icon caret-left icon caret-right instagram pinterest linkedin facebook twitter goodreads question-circle facebook circle twitter circle linkedin circle instagram circle goodreads circle pinterest circle

Good To Know

Night Court, Halloween Tarot and Cards Against Humanity

I felt like an actress who'd studied her lines for two months and no one showed up. The whole Night Court event was rigged. We don't get a chance to show our humanity. We are only a number. I fretted for two months after Chief Lefebre told me that I shouldn't just pay the ticket. He said he didn't want to give me the ticket, because I had a clean record, but he had to because I was over 15 over the limit (60 instead of 45). If I wanted to keep the insurance from knowing about the point reduction on my license, I should go to court, and tell the judge what I told him about why I was speeding. He seemed truly sympathetic.

 

So for two months I worked to figure out what of my three "excuses" would have the most impact on a sympathetic judge. Now I did this while hating the idea of not accepting blame for speeding. I know I was speeding. I had let up in the gas before I saw the blue reds flashing behind me. This was only four days before my doctor gave me the nausea medication and I really was afraid I was going to be sick after two hours behind the wheel. This was not a good situation for someone with a stress disorder, who came to believe she had a panic attack which landed her in ER and nothing more. A panic attack because for me, going to Seattle is always stressful, made worse by the higher level of responsibility this year. But once you puke, you do not forget that sensation. I just had to have the rotten luck of getting caught on top of everything else, right?

 

So finally the day came and I felt horrible the whole day stressing over this. I wondered if I'd make it. When we got there - yeah, Joe came because he'd never been to Night Court before, goodie for him - I had to sign in on a sheet of paper if I wanted to talk to an attorney. Right. My only experience with Night Court was the TV series. I didn't expect to see Harry Anderson, or Bull the Bailiff, and thought Markie Post the attorney was just for show. Here the attorney looked like she patterned her career after the show. I had to talk to the attorney? I asked about that and she (the bailiff) said, yeah, that's what I had to do. Not the judge, the lawyer.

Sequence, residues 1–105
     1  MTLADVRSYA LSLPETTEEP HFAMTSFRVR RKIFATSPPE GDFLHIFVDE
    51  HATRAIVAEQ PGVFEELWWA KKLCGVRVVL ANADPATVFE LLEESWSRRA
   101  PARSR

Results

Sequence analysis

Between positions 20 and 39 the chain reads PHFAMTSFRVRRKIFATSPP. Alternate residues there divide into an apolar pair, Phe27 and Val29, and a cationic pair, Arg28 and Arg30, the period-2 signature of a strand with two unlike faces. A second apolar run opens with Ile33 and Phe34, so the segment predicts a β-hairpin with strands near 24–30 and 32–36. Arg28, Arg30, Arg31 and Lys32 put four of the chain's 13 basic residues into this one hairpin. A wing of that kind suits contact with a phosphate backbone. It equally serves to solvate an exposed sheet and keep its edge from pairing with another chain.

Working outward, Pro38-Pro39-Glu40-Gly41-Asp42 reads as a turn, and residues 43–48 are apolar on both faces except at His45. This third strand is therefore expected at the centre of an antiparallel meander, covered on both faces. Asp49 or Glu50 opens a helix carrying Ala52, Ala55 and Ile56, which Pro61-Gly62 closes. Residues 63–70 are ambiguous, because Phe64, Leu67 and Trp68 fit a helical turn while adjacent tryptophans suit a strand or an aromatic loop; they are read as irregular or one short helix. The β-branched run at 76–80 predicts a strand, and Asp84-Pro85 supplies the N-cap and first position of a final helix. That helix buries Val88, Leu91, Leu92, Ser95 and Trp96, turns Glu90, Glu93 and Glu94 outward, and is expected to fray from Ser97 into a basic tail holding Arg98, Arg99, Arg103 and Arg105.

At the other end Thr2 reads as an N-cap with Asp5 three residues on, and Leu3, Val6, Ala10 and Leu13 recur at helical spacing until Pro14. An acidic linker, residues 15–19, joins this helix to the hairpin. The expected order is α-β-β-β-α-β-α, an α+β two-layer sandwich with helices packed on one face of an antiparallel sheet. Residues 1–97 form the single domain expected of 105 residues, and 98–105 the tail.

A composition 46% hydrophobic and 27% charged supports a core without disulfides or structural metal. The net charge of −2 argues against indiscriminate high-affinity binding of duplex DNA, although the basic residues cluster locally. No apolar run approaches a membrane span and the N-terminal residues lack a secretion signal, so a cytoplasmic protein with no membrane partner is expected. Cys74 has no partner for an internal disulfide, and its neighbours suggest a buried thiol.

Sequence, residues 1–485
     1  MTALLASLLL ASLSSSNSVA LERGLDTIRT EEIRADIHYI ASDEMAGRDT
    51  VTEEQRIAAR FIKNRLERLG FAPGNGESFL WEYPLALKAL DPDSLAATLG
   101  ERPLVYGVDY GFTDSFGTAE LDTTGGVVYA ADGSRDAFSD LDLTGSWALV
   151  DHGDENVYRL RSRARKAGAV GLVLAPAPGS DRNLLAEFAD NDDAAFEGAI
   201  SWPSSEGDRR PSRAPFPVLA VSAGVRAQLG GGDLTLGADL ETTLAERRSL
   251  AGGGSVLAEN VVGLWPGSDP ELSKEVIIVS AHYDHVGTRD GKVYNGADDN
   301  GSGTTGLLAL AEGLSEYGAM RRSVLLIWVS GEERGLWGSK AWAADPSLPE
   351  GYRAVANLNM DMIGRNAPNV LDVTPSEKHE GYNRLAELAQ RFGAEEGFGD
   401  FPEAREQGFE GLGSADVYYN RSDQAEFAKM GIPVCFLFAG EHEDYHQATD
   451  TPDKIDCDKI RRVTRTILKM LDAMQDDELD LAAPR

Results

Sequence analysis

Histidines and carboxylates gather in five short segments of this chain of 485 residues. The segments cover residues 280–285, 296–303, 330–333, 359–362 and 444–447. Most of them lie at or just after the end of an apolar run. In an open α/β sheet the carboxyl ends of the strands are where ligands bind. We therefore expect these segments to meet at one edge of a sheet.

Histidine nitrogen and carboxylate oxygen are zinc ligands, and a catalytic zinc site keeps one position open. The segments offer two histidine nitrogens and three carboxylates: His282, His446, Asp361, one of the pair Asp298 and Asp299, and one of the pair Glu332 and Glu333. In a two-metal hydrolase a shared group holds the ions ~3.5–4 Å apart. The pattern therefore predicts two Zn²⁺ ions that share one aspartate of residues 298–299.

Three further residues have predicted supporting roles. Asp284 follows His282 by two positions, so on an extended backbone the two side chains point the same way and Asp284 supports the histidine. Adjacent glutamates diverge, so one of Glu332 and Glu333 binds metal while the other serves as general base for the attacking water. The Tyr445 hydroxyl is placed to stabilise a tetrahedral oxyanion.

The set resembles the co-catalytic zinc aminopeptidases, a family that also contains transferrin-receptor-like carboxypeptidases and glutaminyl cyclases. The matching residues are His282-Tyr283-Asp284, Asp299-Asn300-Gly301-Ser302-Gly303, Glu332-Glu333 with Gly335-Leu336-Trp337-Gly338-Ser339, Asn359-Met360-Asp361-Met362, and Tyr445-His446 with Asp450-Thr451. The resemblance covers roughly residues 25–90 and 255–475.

So I was fifth on the form, and she started calling people into the conference room. After the third was called, I saw him. Chief Lefebre. I didn't know him, had barely glanced at him during the traffic stop, but saw his name on his shirt. He was gorgeous. I mean he belonged in Hollywood, not little town of Turtle. Tall, lean and gorgeous. He was wearing his uniform, and I'm not sure why he was there. He seemed to act as guard for the attorney because he took over her role of calling us into conference.

 

I waited for his sympathetic nature to emerge, but I got not even a nod from him. I don't know how many grannies he's arrested, I was one of two there. But I sat down in front of the attorney and she said I wanted to plea bargain my points away so it doesn't affect my insurance? I said yeah, I was told to mention how I was feeling ready to puke, and that BT is an easy street to feel disoriented on because it's so dark and no businesses or …

 

"Well if you're disoriented, do you think you should have been speeding?"

 

"I wanted to get home before I puked. And I did know I was speeding, I let up on the gas before I saw the cop lights. I have a clean record …"

 

"We can erase your points, make them not count toward your license and insurance, for a total fine of $187."

 

I think I must have stared at her, blinked once. The ticket was $124. What was this? "Yeah, sure, fine, okay."

 

She handed me the folder and told me to give it to the judge. The Chief said nothing. I got up.

 

"And don't speed anymore."

 

I looked back at her. And restrained myself with stammers. No one mentioned the fact that I drive a hybrid, and we drive slower for better gas mileage. By that point, I thought, what's the use. I don't even get to talk to the judge.

 

So I brought my folder to him, he asked if I agreed to pay $187 to keep my points, and I said yes. You plead no contest. No sir, I plead guilty, I know I was speeding.  But I wanted to explain. Deal is acceptable, see the bailiff before you leave.

 

Here's where it got interesting for me. As I was filling out the paperwork to pay by my debit card, the next one got up there and I heard the same thing. We'll let you keep your points for $187. I wasn't the only one being offer plea bargains. We all were encouraged to be there, just to get more money out of us. Like pay the fine or go to jail, this is pay a bigger fine or lose your points.

 

In Summary: That Chief Lefebre was not sympathetic at all. He knew if I came in I would be offered this plea deal and nothing I said about why I was speeding made any difference at all. I rehearsed and stressed for two months for nothing. It was a set-up, a scam. And now I feel so very much less human for it.

 

A HALLOWEEN TAROT READING

 

I'm going backward in time here, but this entire blog relates to living in Beloit. As soon as Joe began to be abused by the school system, I had a sinking feeling about living here. He didn't want to work every day. He just couldn't see no to them. And in some ways he enjoyed being needed. The problem arose that he wasn't allowed - or felt he was allowed - to have a decent lunch. All he took was crappy energy bars, and didn't listen to me when I told him that wasn't a good idea.